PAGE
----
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So now I have come to the conclusion like many others that having some way of constantly testing your code is good practice since it enables fewer people to be involved (colleges and customers alike) by simply knowing what's wrong before someone else finds out the hard way.

I've heard and read some about Unit Testing and understand what it's supposed to do and all. The there are so many different types of bugs. It can be everything from web browser not being able not being able to send correct values, javascript failing, a global function messing up a piece of code somewhere to a change that looked good when testing it out but fails in some special case which was hard to anticipate. My simply finding these errors I learn to rarely repeat them again, but there seems to always be new bugs to be found and learnt from.


I would guess maybe the best practice would be to run every page and it's functions a couple of times, witness the result and repeat this in Firefox, Chrome and Internet Explorer (and all smartphones apparently) to make sure it works as intended. However this would take quite some time to do consider I don't work with patches/versions and do little fixes here and there a couple of times per week.

What I prefer would be some kind of page I can just load that tests as much things as possible to make sure the site works as intended. Basicly just run a lot of cURL's with POST-values and see if I get expected result. But how would I preferably not increase the IDs of every mysql rows if I delete these testing rows? It feels silly to be on ID 1000 with maybe 50 rows in total.

If I could build a new project from scratch I would probably implement some kind of smooth way to return a "TRUE" on testing instead of the actual page. But this solution would for the moment being have to be passed on existing projects.


My question
What would you recommend to be the best way to test my site to make sure that existing functions does their job upon editing the code? Should I consider to implement a lot of edits first, then test manually the entire code to make sure it still works? Is there any nice way of testing codes without "hurting" the ID columns?

Extra thoughs
Would it be a good idea to associate all of my files to the different parts of my site which they affect? For instance if I edit home.php I will through documentation test if my homepage's start works as intended since it's the only part of my site it should affect.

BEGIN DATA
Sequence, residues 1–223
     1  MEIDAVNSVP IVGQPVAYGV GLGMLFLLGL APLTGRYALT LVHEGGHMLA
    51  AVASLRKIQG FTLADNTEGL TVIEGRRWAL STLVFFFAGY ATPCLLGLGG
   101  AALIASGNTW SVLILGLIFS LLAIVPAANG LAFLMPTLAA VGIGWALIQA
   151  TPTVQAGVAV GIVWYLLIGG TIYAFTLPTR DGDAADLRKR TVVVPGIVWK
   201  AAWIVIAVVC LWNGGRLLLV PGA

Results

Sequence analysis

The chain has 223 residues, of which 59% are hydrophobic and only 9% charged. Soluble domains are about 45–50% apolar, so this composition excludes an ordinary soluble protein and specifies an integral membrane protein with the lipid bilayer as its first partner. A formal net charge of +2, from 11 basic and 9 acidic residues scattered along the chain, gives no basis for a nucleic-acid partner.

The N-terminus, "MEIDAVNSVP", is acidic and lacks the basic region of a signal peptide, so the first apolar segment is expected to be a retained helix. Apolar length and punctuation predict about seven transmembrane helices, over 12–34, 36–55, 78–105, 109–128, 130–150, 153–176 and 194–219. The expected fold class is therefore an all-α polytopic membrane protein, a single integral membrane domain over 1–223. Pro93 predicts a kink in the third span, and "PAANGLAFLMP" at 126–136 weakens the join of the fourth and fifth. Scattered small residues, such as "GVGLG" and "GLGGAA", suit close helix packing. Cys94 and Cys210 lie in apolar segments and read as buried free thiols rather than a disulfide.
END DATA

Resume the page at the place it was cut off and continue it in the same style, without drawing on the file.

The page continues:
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Check out Selenium (Its Wikipedia article might be a better place to start). –  Yannis Rizos Sep 3 '12 at 10:46
    
Read about Regression Testing –  superM Sep 3 '12 at 10:46
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2 Answers

up vote 4 down vote accepted

Look at a browser based testing framework like Selenium and Watin as Yannis suggested. You can use this to automate human-like interaction with your web pages, things like "check the heading is "X" when the page loads, enter "Test" in the text box, submit using the "OK" button and check the resulting page's heading has changed to "Y".

Like all automated unit tests, it becomes repeatable and faster to execute. If you change home.php, in the example you give above, just run the tests over the whole website and make sure there are no flow on affects. Most testing frameworks support the commonly browsers and even run them in parallel on multiple computers.

If you are interested in performance by YSlow can help identify performance issues (although I have not used it in some time). There are link validators, SSL security validators, security analysis tools and many other tools out there.

Do not forget traditional automated unit testing on your back end. It can help isolate errors rather than just saying this page didn't load correctly, for example.

If you are worried about polluting your production database with test data, this may or may not be a good idea in the first place. The risk that your tests could interfere with customers and their data, particularly if there are financial transactions or personally identifiable information (PII) involved, is something you and your management have to weigh up but I would recommend using a separate but identical staging or test environment instead. If you must run tests on a production system, make sure your test data is easily segregated from customer data and purge it after the test run.

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ID's should not be a problem for you. You can always drop the database and recreate it when you need to.

Unit testing is something a little different than what you are after. Unit testing only makes sure that a unit of code does work right. That is all.

You need to do integration testing to make sure all units work right when integrated together.

You also can do automated GUI testing to simulate your operations like pushing a button on web browser.

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I asume you mean all testing should be done in a testing enviroment with identical behavior to the live version, and therefor IDs won't matter? By GUI testing do you mean like the one Yannis suggested? –  Robin Castlin Sep 3 '12 at 10:56
    
Yes, that is the general way. If you want to use your development machine as deploy server, you can drop the database and create it before going live. Yes, there are good GUI testing tools, however they are not so easy to setup and use. Good unit and integration testing and manual GUI testing is enough most of the time. –  Mert Sep 3 '12 at 11:25
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